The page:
A number of business leaders have warned that plans to cut the number of low-skilled migrants coming to the UK from the European Union could lead to higher prices.
The Institute of Directors, the Confederation of British Industry and the British Chambers of Commerce are concerned that plans to limit migration after the official Brexit from the EU cold also harm UK businesses. Under the changes, people travelling from Europe may be required to have a UK visa to do so.
The Institute of Directors said that businesses were being stopped from planning for the future because of the current uncertainty over the Government’s plans for the future.
The Institute’s head of employment and skills policy, Seamus Nevin, told The Independent: “Government must be careful in reducing low-skilled immigration as those sectors that do need low-skilled migrants are very important to the British public.
“Cleaners, hospital careworkers in the NHS and agricultural workers who pick the food on our shelves all play an important role in our economy. Reducing their numbers by too much would cause problems for our healthcare system, hurt British businesses, and increase prices for British shoppers."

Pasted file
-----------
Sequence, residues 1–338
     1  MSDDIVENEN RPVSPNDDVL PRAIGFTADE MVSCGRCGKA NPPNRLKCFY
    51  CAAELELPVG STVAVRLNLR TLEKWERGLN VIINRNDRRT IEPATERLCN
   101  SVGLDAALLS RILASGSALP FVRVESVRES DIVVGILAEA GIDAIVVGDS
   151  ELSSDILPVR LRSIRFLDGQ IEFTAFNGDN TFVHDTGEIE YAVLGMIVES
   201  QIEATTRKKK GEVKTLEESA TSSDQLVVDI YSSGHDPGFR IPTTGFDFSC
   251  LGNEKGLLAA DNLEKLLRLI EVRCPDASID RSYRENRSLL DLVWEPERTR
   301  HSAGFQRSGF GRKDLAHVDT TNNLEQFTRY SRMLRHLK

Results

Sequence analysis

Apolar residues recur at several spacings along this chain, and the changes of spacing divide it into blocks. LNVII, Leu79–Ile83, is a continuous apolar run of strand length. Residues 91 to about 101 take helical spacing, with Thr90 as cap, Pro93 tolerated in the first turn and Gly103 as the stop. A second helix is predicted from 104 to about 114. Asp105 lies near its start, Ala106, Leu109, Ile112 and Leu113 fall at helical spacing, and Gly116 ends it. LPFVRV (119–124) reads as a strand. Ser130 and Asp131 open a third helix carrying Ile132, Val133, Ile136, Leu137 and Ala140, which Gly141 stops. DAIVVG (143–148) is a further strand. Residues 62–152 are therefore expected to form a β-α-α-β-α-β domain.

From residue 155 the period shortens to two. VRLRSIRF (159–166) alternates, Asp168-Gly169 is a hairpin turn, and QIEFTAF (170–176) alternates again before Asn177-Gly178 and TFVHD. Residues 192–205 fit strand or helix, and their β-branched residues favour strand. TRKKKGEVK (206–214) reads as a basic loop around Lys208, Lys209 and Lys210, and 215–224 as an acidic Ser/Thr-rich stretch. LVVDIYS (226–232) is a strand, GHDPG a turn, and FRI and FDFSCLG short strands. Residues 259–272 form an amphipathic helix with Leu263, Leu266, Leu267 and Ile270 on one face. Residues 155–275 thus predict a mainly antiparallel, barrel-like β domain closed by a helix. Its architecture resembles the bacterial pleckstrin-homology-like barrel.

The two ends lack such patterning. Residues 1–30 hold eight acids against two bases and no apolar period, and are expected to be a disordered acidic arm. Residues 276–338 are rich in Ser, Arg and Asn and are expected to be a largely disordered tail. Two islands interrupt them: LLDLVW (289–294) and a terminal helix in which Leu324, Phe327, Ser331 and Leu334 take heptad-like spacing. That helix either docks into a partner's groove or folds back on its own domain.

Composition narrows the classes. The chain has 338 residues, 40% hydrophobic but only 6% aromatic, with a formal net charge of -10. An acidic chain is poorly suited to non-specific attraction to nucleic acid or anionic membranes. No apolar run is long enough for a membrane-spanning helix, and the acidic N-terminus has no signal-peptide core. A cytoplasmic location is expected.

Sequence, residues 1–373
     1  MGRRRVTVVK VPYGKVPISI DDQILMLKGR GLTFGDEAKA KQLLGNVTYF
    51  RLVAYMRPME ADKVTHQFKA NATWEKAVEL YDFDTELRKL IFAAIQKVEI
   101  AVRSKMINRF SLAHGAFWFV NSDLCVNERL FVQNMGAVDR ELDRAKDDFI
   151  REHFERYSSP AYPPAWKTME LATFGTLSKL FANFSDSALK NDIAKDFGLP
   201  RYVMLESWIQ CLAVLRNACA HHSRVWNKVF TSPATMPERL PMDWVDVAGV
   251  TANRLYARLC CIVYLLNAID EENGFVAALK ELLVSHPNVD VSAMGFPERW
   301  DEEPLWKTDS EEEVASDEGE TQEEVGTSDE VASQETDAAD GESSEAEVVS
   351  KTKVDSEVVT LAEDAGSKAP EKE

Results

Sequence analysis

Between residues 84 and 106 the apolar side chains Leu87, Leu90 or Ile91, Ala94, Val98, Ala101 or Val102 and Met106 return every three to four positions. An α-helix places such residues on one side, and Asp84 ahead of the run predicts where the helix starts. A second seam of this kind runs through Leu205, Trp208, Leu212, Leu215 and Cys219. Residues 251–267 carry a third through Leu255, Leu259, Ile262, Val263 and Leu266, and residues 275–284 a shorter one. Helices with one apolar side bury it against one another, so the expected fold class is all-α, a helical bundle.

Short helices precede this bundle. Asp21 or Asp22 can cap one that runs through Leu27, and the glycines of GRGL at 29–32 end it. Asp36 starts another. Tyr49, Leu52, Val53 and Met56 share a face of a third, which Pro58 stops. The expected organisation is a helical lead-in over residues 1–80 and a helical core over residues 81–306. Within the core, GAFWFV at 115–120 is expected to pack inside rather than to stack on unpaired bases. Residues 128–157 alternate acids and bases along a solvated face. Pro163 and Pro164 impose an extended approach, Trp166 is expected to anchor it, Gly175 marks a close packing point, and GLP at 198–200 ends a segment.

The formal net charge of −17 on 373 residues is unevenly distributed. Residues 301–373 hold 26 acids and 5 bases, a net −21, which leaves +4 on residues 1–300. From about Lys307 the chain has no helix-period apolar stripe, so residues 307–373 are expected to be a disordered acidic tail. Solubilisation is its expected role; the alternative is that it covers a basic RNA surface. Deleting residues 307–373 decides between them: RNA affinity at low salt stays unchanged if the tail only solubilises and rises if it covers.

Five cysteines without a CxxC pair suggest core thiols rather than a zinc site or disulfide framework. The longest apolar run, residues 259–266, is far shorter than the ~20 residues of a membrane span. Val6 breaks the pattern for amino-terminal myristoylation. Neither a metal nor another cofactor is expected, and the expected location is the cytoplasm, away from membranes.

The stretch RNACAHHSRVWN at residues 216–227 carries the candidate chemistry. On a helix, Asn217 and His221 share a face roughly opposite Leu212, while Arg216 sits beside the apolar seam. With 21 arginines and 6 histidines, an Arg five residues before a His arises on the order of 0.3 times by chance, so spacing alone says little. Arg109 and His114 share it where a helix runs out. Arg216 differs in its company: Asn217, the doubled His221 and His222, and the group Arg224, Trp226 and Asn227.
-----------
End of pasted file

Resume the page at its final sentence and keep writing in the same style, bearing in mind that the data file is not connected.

The business groups spoke out as the neutral think-tank Open Europe said that unless banks located in London received clarity their continued passporting rights that will allow them continued access to EU financial markets, they were likely to start moving out of the capital as early as next year.
It said: “If banks ... were still unclear about what the future holds one year before the UK formally exits the EU, they would be forced to start making decisions – including over whether to shift part of their business elsewhere. Some firms may well start implementing their contingency plans even earlier than that.”